I wish I had nice handwriting, the fact that i also have a few of her favourite sweaters, but that’s about it, beside the stuff she gave me, like some books and stuff, ups, fedex, rolex, X-ray, and my old patchwork quilt that was always on my bed as a kid, the  fact that it’s reall falling apart now, the fact that Jane Austen no longer exists and only ever existed briefly, not long enough to finish  Sandition, tragedy, enormity, Bronx cheer, Graduation Gowns, Choir Robes, paper owels, humdinger, Uber, Lyft, biege countertop, the fact that some people work for Uber and lyft at the same time.

One passage where she admires her moves handwriting then drifts off to something else in her mind.

The book is narrated by a housewife she is from Ohio and that is all we really know. Well, we learn more like she has her own baking business that she runs from her home.  What follows in the book is her thoughts that flow and drift from here to there lists words jumping from words that sound alike. These lists I loved as she had a thought an old productor some such and then from that word jumps to similar words. It then goes to the state of Modern America Trump gaining power. Writers she likes Laura Ingalls her of little house fame and then she references Anne Tyler especially her book The Accidental tourist which maybe of all her books captures modern American life as it follows a family recovering from the loss of a son to a shooting. The book is full of America but also her family from the title that relates to an event in her youth involving her sister. Then she worries about her own four kids in Trump’s world. It is hard like many books of this length, to sum up the world of this book as it is more about the internal mind than the external world and how her thoughts run and that is so difficult to capture.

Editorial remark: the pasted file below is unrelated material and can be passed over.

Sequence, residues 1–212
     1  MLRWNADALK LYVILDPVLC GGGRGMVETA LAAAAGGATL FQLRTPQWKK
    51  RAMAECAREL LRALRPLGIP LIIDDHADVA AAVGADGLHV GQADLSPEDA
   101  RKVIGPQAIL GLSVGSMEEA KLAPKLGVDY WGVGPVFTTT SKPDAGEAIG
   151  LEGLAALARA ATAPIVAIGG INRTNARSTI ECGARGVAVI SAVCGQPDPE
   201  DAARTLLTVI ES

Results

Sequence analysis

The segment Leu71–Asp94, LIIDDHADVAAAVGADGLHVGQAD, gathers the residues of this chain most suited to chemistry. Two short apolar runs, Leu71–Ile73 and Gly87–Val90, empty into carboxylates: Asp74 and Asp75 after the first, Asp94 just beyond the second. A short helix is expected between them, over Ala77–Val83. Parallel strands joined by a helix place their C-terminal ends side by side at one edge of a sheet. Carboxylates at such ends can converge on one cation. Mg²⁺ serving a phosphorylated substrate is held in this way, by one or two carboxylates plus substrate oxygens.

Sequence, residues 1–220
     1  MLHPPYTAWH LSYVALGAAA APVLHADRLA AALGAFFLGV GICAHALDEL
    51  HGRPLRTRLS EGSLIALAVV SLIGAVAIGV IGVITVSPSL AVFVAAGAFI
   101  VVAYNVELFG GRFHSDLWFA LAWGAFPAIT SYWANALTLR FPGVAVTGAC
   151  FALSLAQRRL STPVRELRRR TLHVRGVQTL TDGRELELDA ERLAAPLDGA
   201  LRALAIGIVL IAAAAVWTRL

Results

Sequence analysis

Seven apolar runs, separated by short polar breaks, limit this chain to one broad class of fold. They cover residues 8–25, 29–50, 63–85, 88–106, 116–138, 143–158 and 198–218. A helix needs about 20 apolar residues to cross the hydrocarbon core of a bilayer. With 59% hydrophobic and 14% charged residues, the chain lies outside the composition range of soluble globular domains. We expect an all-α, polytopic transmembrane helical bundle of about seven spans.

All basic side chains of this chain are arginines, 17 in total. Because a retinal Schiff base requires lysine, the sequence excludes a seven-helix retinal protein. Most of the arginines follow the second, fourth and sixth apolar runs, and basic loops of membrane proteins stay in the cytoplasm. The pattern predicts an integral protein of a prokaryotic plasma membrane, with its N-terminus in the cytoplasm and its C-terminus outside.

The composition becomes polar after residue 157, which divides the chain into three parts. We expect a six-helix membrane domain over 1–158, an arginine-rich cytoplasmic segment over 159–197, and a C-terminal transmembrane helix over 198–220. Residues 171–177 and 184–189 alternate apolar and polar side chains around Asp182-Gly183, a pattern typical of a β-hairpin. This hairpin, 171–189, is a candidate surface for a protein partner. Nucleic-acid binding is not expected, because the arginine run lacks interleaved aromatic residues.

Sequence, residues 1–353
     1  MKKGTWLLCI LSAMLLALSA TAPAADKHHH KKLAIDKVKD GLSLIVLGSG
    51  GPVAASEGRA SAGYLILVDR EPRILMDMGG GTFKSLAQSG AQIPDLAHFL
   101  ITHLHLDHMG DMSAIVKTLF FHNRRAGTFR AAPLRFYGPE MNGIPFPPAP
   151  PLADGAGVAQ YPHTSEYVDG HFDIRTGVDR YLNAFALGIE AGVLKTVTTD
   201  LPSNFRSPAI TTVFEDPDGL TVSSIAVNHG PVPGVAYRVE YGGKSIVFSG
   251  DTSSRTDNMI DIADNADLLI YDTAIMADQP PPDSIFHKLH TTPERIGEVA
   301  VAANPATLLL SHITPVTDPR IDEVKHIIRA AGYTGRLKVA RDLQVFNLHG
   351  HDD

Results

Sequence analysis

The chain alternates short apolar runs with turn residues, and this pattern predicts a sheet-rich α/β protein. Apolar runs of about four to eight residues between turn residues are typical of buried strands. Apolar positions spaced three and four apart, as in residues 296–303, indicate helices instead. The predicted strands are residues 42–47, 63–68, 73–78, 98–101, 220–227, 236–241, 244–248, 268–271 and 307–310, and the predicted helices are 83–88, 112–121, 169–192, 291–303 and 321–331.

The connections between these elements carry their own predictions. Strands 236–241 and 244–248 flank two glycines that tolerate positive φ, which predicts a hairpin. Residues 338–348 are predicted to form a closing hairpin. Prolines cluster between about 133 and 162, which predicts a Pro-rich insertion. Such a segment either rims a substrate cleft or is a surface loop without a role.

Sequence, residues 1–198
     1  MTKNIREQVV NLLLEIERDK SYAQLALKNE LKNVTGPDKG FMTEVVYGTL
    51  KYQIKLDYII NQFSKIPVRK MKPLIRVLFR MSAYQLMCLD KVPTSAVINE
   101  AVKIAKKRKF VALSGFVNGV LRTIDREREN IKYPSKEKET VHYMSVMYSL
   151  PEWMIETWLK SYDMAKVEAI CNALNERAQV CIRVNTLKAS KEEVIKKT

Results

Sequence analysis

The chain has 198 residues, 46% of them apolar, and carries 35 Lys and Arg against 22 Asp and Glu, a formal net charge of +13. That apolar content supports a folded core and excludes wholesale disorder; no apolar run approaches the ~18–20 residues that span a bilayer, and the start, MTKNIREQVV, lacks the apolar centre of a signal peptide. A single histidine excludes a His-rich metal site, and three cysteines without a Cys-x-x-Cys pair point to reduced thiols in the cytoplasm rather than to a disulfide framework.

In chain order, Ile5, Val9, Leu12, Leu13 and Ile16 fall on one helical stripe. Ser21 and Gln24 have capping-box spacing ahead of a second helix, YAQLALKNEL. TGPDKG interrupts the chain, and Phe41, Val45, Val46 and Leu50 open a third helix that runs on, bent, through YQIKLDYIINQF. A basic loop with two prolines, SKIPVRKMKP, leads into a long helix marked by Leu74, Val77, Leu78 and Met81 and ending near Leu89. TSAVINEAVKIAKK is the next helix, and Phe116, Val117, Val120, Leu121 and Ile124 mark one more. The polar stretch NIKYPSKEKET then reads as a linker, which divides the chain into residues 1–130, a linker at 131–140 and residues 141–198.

Laura Ingalls Wilder’s dog was called Jack, the fact that i keep thinking I see the abominable snowmanmoving between those trees down there, a bigfoot, just behind the bushers, gully the fact that ben would be thrilled, the fact that I should photograph it, but of course I don’t have my phone, that that if I had my phone I would be in this mess freezing to death in the wilderness, the fact that I am always forgetting my cell, the fact that it’s so silly not to have it with you at all times, the fact that the people on the planes in 9/11 made good use of theirphone, the fact that I bet every American has carried their cell phone with them since 9/11

Another digression from Laura Ingalls to 9/11 in four lines.

Everyone knows this book as I was discussing one twitter when a friend ask me what I thought of it as they had been put off by the hype and I could connect with that but the thought of a thousand-page book that tries to grapple with the scary world that is modern America. Well for me this remind me in tone at times to Thomas Bernhard as it has at times a similar feeling in the tone of her words if he had been a midwest American housewife this would have been how he wrote even the lack of paragraphs and long sentences are something that Bernhard used in his books. I was pleased when I read that she had given Bernhard to her husband to read many years ago. When it made the Booker shortlist I knew I had to read it I had already got it as a fan of really long novels it was one that grabbed me and showed that small publishers are great at taking chances she describes how she actually added 30,000 words in one edit of the original manuscript how many large publishers would allow that to a large book get larger. I was reminded of Sergio de la Pava struggle to get his Naked singularity like this another huge modernist work that in another way wrestles with the world that is modern America. Ellmann tries to grab what life is like for a middle-aged woman struggling to get by the changing of focus in the female roles with in the world the rise of Trump and does it in a wonderfully poetic and thought-provoking book.

A gun for sale by Graham Greene